After defensive coordinator, Chris Ash left for Ohio State to be the co-defensive coordinator, Bielema hired Robb Smith off the Tampa Bay Buccaneers staff. The move was a great one and turned around the Razorback defense into a juggernaut run defense. With Spaight, Flowers and Philon leading the way, Arkansas held the Alabama defense to 14 points, LSU and Ole Miss scoreless, Texas to 7 and Missouri to 21 points.
Spaight was the guy if you needed a sure tackle, he would get it for you with his hard hits coined, “Spaighted”. Flowers was the defensive end that would never give up. He had such a great engine that all coaches would love to have on their team. Philon would stuff the gap as he forced many fumbles on quarterbacks and running backs alike. The ESPN announcers nicknamed them the “Bermuda Triangle” because if you went into the area that those three were in, you were not likely to survive the night. The turnaround of the defense led by these three helped Arkansas improve their run defense, pass defense, scoring defense, and points per game. The 2014 defense will be one to remember for a long time.
2015: Brandon Allen
Allen suffered a lot from fans. Whether it be his truck being egged or burned, you never heard the elder Allen talk about it or look for revenge against the person who damaged his property. How Allen dealt with the hard times showed during his 2015 senior campaign. Allen broke school passing records of passing yards, career passing touchdowns, QB rating, yards in one game, and touchdowns in a game. 2015 looked to be the year the Razorbacks were turning the corner. The offense was explosive under first year offensive coordinator, Dan Enos. Things were looking up in Fayetteville and it was all because of the blue collar work ethic of the always improving Brandon Allen.
2016: Austin Allen, Rawleigh Williams
The Razorbacks started 5-2 before losing to Auburn 56-3 on the road. That loss blew the sails off the boat and the Razorbacks looked stranded at sea. Before that, the Razorbacks looked to have a formidable quarterback-running back duo in Allen and Williams. Seems like we have heard that called before. Early in the season with close wins vs Louisiana Tech and TCU, Allen was the hero. No other quarterback in the FBS had thrown for 3+ touchdowns through the first seven games like the younger Allen had. He ended the season throwing for over 3,000 yards. Allen was poised for greatness entering 2017. Williams enjoyed a breakout season in 2016 with over 1,300 yards and 12 touchdowns. His best performances came against a top 15 Ole Miss team rushing for 180 yards, 148 yards vs a top 10 Florida team, and against Mississippi State for a season high 206 yards on only 16 carries. Williams was also looking to be a huge contributor in 2017 until he retired from football after having a neck injury occur in the last spring practice of 2017.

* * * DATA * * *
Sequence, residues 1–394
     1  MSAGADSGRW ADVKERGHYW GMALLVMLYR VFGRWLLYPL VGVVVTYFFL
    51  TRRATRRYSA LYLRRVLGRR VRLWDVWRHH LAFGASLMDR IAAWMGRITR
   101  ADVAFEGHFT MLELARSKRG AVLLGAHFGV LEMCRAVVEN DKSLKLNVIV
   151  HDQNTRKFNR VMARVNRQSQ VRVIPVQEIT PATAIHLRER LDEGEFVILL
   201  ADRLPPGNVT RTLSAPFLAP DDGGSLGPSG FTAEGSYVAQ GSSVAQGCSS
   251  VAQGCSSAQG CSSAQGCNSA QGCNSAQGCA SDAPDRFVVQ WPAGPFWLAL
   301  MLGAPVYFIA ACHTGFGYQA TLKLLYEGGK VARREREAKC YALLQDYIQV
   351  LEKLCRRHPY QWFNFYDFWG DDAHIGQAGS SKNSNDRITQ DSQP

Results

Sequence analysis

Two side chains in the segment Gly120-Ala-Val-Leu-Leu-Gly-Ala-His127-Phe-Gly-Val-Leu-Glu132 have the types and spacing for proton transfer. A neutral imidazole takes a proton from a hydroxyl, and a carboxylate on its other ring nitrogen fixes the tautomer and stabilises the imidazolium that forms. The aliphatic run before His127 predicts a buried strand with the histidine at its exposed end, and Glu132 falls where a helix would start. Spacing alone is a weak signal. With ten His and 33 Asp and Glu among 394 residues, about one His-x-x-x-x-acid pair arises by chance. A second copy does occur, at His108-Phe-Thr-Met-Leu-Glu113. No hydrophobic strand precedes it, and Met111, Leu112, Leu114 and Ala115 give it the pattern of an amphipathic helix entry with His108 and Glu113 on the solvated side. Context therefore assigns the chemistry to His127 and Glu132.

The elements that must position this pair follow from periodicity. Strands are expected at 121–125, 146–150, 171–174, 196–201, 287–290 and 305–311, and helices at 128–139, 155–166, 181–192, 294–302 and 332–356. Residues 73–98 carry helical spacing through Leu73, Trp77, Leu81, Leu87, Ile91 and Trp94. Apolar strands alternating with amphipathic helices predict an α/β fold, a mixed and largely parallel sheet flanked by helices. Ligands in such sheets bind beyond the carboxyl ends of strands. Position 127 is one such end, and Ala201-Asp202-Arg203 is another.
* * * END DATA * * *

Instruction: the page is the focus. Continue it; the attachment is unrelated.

2017: De’Jon “Scoota” Harris
With his great hip movement, range, sure tackling and ability to move side to side quickly, Harris was able to make a name for himself as one of the top linebackers in the SEC and FBS. Harris finished with 115 tackles, 8.5 tackles for a loss and 4 sacks. Although 2017 was not a banner year for the Razorbacks, 2018 will at least bring Harris back to help improve a defense that was ranked among the worst in every statistical category in all of college football.
Who will be the MVP of 2019? We will find out in 16 days! WPS!
Thanks for reading!